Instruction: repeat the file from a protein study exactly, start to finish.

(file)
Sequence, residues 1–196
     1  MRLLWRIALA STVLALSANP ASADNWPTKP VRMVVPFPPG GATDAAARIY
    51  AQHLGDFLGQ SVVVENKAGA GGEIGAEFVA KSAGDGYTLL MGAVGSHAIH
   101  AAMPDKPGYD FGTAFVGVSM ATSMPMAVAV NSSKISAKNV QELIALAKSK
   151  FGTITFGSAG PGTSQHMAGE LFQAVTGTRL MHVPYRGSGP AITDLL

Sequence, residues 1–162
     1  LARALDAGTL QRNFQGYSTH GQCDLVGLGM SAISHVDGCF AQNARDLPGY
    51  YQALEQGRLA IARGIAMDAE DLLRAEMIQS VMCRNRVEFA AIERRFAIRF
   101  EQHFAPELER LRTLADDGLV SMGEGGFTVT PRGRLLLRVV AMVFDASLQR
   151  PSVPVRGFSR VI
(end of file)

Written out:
Sequence, residues 1–196
     1  MRLLWRIALA STVLALSANP ASADNWPTKP VRMVVPFPPG GATDAAARIY
    51  AQHLGDFLGQ SVVVENKAGA GGEIGAEFVA KSAGDGYTLL MGAVGSHAIH
   101  AAMPDKPGYD FGTAFVGVSM ATSMPMAVAV NSSKISAKNV QELIALAKSK
   151  FGTITFGSAG PGTSQHMAGE LFQAVTGTRL MHVPYRGSGP AITDLL

Sequence, residues 1–162
     1  LARALDAGTL QRNFQGYSTH GQCDLVGLGM SAISHVDGCF AQNARDLPGY
    51  YQALEQGRLA IARGIAMDAE DLLRAEMIQS VMCRNRVEFA AIERRFAIRF
   101  EQHFAPELER LRTLADDGLV SMGEGGFTVT PRGRLLLRVV AMVFDASLQR
   151  PSVPVRGFSR VI